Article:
Primary Care Corner with Geoffrey Modest MD: Empaglifozin, the good and the bad

By Dr. Geoffrey Modest

A recent study looked at the SGLT2 inhibitor (sodium-glucose cotransporter 2) empagliflozin and cardiovascular outcomes/mortality in patients with type 2 diabetes (see N Engl J Med 2015;373:2117​). The SGLTs are involved in active renal transport of glucose in the kidneys, and SGLT2 is the most important one (reabsorbs 90% of the glucose filtered by the glomeruli) and seems to be pretty kidney-specific (SGLT1 is less important in active glucose transport, getting the remaining 10%, and is more widely expressed and therefore more likely to have broader physiologic effects and adverse effects if blocked). The context of this study is that there are a slew of studies showing markedly increased cardiovascular (CV) mortality in patients with type 2 diabetes, this relationship seems to be dose-related, and the increase extends to those with pre-diabetes/glucose intolerance. Other studies have shown that empagliflozin is associated with weight loss, reductions in blood pressure, increases in both LDL and HDL, and decreases in arterial stiffness/vascular resistance, visceral adiposity, albuminuria, and plasma urate levels (all of these might contribute to CV disease).

Details of the current study:

  • 7020 patients (mean age 62, 72% white/22% asian/18% latino, BMI 30.7, A1c 8.08%, 74% on metformin/49% insulin with mean dose 52 units/43% sulfonylurea/11% DPP-4 inhibitor/4% TZD, 95% hypertensive, 80% on lipid-lowering therapy. 83% on aspirin), all with established cardiovascular disease, all with A1C=7-9 and not on meds for >12 weeks or A1C=7-10% and on stable diabetes meds for >12 weeks). Subjects were randomized to empagliflozin 10mg, 25mg, or placebo daily, followed 3.1 years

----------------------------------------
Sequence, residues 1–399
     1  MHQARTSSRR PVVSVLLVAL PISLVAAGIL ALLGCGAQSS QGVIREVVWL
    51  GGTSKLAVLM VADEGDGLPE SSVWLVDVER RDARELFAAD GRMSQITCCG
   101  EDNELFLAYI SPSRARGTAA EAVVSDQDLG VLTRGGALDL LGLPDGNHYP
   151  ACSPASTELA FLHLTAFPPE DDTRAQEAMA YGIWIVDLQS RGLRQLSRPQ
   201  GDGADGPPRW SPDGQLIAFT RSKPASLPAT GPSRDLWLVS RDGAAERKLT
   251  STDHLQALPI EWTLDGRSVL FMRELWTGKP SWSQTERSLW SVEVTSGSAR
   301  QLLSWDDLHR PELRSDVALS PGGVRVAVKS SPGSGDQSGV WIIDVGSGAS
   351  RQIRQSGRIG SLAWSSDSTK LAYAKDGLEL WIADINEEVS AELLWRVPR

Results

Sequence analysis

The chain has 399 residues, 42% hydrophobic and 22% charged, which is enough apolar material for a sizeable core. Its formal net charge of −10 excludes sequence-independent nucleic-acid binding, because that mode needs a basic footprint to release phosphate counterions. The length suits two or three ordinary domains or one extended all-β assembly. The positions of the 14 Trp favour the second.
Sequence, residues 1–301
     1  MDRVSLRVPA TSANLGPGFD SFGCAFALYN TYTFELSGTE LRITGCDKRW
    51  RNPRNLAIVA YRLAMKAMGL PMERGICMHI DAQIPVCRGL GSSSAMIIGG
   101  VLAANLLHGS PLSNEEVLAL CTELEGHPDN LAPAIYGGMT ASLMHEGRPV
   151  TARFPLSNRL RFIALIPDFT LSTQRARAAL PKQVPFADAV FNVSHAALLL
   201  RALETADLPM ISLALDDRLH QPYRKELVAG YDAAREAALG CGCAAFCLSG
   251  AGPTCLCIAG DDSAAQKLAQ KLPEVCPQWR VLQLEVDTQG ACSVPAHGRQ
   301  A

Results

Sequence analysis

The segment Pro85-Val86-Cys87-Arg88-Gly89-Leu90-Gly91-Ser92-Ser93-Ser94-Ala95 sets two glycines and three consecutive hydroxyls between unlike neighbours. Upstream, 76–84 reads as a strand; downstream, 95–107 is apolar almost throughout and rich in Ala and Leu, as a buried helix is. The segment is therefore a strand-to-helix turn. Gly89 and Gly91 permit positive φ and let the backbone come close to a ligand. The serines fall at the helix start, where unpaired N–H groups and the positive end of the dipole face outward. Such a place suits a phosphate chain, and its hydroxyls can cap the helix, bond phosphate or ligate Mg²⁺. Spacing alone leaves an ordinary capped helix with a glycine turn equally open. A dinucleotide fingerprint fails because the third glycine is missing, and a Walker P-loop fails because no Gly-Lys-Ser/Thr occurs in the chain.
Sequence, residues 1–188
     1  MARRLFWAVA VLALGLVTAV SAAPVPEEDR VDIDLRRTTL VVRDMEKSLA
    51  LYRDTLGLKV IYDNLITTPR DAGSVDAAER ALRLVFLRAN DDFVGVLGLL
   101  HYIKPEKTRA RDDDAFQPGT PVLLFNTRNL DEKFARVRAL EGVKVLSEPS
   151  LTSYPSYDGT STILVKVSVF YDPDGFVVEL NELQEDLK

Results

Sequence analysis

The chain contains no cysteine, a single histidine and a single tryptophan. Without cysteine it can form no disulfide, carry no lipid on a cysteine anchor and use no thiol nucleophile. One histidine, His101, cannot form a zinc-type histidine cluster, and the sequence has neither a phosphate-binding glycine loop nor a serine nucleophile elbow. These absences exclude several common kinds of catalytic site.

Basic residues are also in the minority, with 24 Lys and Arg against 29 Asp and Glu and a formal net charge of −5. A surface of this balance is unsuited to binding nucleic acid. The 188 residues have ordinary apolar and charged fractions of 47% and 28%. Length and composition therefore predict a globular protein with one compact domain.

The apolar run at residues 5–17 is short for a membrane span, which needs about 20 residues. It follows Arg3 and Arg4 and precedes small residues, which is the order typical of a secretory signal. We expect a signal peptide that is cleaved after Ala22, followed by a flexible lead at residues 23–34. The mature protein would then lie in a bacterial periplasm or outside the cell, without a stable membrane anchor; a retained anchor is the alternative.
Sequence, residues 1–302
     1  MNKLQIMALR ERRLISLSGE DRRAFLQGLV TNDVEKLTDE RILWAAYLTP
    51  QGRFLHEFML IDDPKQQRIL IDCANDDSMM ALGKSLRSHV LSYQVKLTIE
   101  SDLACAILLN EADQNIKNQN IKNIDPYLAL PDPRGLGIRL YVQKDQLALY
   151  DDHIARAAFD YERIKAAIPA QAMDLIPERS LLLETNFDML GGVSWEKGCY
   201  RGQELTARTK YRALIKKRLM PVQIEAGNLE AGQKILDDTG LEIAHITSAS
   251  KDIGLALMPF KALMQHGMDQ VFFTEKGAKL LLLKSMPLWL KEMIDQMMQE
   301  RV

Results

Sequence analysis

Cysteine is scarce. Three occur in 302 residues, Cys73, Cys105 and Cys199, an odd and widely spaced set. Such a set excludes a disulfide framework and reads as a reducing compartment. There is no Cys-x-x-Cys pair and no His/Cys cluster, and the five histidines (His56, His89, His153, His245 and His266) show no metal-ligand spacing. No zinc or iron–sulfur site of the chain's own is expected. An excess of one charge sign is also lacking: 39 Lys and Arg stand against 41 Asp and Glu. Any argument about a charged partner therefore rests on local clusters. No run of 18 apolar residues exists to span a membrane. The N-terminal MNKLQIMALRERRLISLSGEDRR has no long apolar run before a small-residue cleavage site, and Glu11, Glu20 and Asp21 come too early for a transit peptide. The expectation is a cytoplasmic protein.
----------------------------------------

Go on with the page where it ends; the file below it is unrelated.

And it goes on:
• Excluded: BMI >45, eGFR <30,  fasting glucose >240, ALT >3x upper limit of normal


  • 4% prematurely stopped the study drug (similar to placebo)
  • Weight decreased with med from 86 to 84 kg, waist circumference from 105 to 103 cm, SBP from 135 to 132 mmHg, DBP from 76 to 75 mmHg, LDL increased from 88 to 90 mg/dL and HDL from 44 to 46 mg/dL, uric acid decreased from 6 to 5.7 mg/dL
  • In the group on placebo, 31.5% had changes in their other diabetic meds, esp. sulfonylureas (increased 3.8% in those on empagliflozin and 7.0% on placebo), insulin (11.5% vs 5.8%), TZD (not sure which used, but increased 2.9% vs 1.2%), DPP-4 increased (8.3 vs 5.6%)
  • A1c was about 0.5% lower in those on empagliflozin, though there were changes as noted in other diabetic meds given
  • ​Primary outcome (composite of death from CV causes, nonfatal MI or nonfatal stroke) in 490 of 4687 (10.5%) of those in the pooled empagliflozin groups, vs 282 of 2333 patients on placebo (12.1%), so HR 0.86 (0.74-0.99; p=0.04)
  • No difference in rates of MI or stroke, but a lower death rate from CV causes (3.7% vs 5.9%, relative risk reduction RRR of 38%), hospitalization for heart failure (2.7% vs 4.1%, RRR of 35%), and death from any cause (5.7% vs 8.3%, RRR of 32%)
  • No difference in secondary outcome (primary outcome plus hospitalization for unstable angina)
  • Adverse events: increase in genital infections (5% in men vs 1.5% on placebo, 10% in women vs 2.6% on placebo). Rest nonsignificant.

So, a few issues (many of which were buried in the supplemental materials, which seems to be happening a lot in the past few years and my guess is that relatively few readers delve into these details, in part because it is a hassle, in part because it requires full, and expensive, access to the journals, and also is on the internet only. BUT it is often hard to really interpret the studies without seeing them…)

  • Of the very significant difference in CV deaths (5.9% in placebo and 3.7% with empagliflozin), the largest single category was “other cardiovascular death” (2.4% vs 1.6%) which “includes fatal cases that were not assessable due to a lack of information and were presumed to be cardiovascular deaths as per conventional definition”. And much smaller numbers of other CV events (acute MI in 0.5 vs 0.3%, worsening in heart failure in 0.8 vs 0.2%, stroke in 0.5 vs 0.3%). these increases in “presumed” events really undercuts the significance of the cardiac effect, especially in light of the very small numbers of events in these very high risk patients over >3 years of follow-up